Rudolph Weaseldorf: grew up admiring Germany’s most acclaimed archaeologists and made it his mission to become one himself. He eventually became a professor of archaeology at Humbolt University (Germany) where he met Robert Bacon as a prodigy engineering student. Weaseldorf hated Bacon from the first meeting. He felt Bacon was given too much acclaim for his unique intellect. Every conversation ended with Bacon, as opposed to offering attention to himself. Jealousy was the biggest factor for his initial hatred.
Weaseldorf would often use his position to acquire antiquities, but would rather sell them for his own profit instead of giving them to a museum or selling them for the benefit of the University. He held the position of professor for several years until he became suspect in the funding of a grave robbing expedition in Egypt. He was fired from his position at Humbolt and blamed Bacon for revealing his illegal and unethical activities. Though in reality Bacon had nothing to do with this. Weaseldorf became a mercenary to whomever could afford him. He would use his knowledge and resources to find and acquire whatever he was paid to find.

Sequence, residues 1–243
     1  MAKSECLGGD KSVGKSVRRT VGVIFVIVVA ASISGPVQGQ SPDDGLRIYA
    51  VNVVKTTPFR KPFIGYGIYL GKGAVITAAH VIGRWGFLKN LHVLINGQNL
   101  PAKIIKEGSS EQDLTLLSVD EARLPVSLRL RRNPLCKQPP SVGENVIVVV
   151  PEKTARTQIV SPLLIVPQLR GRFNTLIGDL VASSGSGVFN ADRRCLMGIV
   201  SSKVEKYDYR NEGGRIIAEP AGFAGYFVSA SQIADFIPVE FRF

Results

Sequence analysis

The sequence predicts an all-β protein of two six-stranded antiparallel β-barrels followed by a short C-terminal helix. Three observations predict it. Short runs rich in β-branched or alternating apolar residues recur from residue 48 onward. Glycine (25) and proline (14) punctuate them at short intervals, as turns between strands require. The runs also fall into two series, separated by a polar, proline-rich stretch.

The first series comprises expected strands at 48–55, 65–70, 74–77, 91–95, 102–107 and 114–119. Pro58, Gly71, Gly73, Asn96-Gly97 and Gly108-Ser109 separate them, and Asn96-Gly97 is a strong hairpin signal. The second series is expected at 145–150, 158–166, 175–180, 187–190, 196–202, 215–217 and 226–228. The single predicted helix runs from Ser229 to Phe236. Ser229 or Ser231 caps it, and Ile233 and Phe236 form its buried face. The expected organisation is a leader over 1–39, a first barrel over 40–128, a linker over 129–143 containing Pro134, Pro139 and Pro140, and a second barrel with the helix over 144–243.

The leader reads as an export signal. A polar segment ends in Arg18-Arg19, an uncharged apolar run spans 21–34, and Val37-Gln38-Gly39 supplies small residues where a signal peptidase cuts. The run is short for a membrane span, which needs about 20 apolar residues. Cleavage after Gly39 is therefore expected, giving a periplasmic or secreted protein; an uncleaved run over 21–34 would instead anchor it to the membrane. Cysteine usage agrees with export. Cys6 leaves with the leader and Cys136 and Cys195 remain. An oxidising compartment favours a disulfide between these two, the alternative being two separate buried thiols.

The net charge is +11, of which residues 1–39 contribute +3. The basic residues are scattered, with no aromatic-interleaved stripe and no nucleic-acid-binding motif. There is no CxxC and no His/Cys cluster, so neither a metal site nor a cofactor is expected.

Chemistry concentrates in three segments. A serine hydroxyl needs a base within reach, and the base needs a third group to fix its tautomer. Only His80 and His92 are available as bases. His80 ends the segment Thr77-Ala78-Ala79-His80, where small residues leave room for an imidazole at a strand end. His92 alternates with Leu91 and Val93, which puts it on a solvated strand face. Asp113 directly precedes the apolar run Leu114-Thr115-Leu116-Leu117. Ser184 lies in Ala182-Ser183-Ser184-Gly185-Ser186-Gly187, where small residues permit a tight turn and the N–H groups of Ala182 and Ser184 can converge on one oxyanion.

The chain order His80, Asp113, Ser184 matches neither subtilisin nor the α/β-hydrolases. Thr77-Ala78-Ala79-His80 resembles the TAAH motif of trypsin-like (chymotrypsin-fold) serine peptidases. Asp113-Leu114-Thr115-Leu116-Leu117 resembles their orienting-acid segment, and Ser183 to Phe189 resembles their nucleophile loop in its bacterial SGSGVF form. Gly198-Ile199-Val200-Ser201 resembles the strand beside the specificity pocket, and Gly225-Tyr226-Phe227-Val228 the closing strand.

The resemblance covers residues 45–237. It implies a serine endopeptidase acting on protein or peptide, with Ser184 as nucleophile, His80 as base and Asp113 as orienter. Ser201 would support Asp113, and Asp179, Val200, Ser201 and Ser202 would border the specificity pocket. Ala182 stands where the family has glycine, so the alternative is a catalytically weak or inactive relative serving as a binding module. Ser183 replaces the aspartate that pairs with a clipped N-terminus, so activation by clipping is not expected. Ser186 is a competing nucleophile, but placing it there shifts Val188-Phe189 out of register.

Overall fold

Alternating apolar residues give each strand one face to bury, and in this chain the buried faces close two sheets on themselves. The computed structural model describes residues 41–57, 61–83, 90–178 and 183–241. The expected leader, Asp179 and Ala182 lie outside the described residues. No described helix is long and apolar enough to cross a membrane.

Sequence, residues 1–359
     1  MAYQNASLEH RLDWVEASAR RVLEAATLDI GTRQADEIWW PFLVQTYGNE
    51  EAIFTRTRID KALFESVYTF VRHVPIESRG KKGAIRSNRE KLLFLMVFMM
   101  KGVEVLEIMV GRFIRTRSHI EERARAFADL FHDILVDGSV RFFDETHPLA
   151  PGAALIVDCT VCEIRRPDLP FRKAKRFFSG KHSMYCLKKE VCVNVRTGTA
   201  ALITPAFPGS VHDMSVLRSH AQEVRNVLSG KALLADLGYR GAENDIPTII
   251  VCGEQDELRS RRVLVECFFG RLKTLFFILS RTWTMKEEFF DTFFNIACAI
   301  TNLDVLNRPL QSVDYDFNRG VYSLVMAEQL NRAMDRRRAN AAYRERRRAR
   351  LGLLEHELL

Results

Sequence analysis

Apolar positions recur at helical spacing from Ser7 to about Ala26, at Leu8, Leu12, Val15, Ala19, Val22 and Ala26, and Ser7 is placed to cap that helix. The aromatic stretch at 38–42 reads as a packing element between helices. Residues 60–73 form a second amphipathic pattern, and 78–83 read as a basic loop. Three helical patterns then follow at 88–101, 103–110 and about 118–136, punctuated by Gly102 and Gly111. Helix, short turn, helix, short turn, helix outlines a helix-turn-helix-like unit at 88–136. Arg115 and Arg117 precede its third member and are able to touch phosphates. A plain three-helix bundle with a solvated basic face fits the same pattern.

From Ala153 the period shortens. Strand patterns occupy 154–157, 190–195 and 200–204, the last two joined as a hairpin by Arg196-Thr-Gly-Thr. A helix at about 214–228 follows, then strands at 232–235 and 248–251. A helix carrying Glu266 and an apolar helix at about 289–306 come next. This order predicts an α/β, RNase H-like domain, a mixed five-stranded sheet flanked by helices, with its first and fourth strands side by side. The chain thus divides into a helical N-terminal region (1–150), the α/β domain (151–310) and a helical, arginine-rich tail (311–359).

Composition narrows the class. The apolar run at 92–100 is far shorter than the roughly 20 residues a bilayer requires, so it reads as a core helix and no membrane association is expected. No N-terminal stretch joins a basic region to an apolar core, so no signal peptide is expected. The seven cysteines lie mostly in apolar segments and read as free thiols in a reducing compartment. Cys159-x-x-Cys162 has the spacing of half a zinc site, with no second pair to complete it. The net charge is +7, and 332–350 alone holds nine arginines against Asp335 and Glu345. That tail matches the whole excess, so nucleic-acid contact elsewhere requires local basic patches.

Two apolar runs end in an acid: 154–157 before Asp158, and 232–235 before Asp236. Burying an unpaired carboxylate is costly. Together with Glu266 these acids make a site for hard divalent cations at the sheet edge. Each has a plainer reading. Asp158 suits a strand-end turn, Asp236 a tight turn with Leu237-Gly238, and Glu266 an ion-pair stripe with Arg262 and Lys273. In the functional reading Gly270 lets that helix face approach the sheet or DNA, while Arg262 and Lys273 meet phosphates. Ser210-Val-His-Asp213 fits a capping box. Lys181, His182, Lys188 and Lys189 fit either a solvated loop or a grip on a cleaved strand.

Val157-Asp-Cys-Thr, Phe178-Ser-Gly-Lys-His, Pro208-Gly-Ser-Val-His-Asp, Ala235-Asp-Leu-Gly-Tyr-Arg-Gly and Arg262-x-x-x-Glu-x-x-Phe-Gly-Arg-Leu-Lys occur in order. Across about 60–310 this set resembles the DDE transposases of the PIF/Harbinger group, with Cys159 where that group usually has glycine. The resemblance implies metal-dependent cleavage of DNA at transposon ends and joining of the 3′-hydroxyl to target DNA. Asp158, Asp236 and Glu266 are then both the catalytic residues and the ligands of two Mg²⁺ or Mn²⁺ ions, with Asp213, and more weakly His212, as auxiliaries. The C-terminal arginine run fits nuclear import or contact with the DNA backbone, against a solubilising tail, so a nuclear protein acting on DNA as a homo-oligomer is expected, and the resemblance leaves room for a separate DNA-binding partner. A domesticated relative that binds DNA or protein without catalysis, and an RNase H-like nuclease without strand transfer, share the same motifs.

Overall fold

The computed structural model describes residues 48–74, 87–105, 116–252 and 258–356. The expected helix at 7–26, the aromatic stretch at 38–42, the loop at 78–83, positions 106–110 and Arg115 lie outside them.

All his life, Rudolph Weaseldorf had dreamed of finding the fabled lost treasure of the tenth century Viking pirate, Eric Bloodaxe. Legend told that before he was killed he had accumulated a massive treasure which he had hidden away.
In 1933, Weaseldorf came across religious artifacts, on the black market and took it into his possession. He found a buyer in the Nazis who had recently began scouring the globe for religious and occult relics. It was this relationship with the Nazis that was broadened in 1939 when the Nazis hired Weaseldorf to head their Special Activities Archeology division. It was during 1939 that Weaseldorf and Bacon had a run-in when Weaseldorf found that Bacon was forced by the Nazis’ to work in their Special Activities Division, working on a Wonder Weapon. Turns out they were developing a time device. With Bacons help they achieved their goal, but Bacon escaped with the device to the future, but not before Weaseldorf accidentally hitched a ride to that future.